“Transitional Justice and the ICC: Lessons from Rwanda”

Research output: Chapter in Book/Report/Conference proceedingChapter


This article explores the transitional justice mechanisms that were employed in Rwanda’s post genocide era and extracts lessons that could be amenable to the International Criminal Court (“ICC”). A key question for the ICC to consider is how best to shape efforts internationally and domestically in order to ensure accountability for mass atrocities. Rwanda is one of the few African countries to have had its cases of international crimes prosecuted nationally as well as internationally. The solutions which arose in its milieu were the establishment of International Criminal Tribunal for Rwanda (“ICTR”) by the UN Security Council (“UNSC”) whilst localised endeavours came in the form of, inter alia, the gacaca court system. The salient lessons for the ICC are the following: (1) both international and grassroots transitional justice strategies can foster a sense of local ownership, though in different ways – with the international mechanisms focusing on the broad collective level by prosecuting those most responsible for orchestrating the Rwandan genocide, while the localised courts focused on the individual level; (2) there is a need for a customised approach to accountability; (3) whilst there are benefits in prosecution, this approach has some limitations; and (4) there is no “one-size-fits-all” transitional justice system that can be used in any post-conflict situation. Yet, as a legal experiment that had no precedent, the legal pluralist system defined by a combination of the ICTR and the gacaca courts represents a possible model for delivering transitional justice that could be utilised and contextualised by the ICC in future post-conflict environments.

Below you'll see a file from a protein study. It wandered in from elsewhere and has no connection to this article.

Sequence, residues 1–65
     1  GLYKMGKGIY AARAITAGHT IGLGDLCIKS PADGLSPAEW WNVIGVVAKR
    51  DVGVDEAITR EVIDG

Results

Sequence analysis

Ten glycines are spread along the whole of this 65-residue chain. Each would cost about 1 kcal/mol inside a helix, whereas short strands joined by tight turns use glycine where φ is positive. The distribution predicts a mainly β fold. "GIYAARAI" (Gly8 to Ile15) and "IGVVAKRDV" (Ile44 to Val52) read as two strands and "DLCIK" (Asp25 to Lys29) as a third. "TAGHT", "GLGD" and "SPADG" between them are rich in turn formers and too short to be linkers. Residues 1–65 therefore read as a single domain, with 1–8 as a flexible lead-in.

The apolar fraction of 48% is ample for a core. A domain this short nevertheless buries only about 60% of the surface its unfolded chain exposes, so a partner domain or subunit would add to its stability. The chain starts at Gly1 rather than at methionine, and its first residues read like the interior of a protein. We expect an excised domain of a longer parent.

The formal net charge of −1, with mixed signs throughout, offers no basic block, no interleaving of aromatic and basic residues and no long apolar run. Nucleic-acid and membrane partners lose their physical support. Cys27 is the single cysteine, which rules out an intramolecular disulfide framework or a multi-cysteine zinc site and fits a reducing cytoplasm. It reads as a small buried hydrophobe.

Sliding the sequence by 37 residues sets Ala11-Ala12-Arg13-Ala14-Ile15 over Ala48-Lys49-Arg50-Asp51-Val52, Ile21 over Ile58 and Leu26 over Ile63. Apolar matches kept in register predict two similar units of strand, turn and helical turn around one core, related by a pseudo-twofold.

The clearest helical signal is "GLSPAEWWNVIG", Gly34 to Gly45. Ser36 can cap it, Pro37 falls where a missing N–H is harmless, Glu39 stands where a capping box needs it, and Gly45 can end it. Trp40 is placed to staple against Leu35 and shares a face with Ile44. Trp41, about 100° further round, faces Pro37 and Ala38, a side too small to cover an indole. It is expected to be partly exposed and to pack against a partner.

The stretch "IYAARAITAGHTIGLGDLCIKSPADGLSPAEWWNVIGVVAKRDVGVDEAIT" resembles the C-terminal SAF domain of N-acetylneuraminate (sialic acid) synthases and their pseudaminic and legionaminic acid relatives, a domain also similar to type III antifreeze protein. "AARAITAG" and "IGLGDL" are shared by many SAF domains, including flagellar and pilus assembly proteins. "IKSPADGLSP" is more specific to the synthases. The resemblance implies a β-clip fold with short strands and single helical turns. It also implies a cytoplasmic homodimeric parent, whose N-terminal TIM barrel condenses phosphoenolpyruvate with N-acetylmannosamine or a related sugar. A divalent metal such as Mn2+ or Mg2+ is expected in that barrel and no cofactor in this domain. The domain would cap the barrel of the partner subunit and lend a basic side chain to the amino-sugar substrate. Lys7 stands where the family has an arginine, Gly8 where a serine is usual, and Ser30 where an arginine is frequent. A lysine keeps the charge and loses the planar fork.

Original languageEnglish
Title of host publicationThe International Criminal Court and Africa: One decade on
EditorsEvelyn A. Ankumah
ISBN (Print)978-1780684178
Publication statusPublished - 5 Sept 2016


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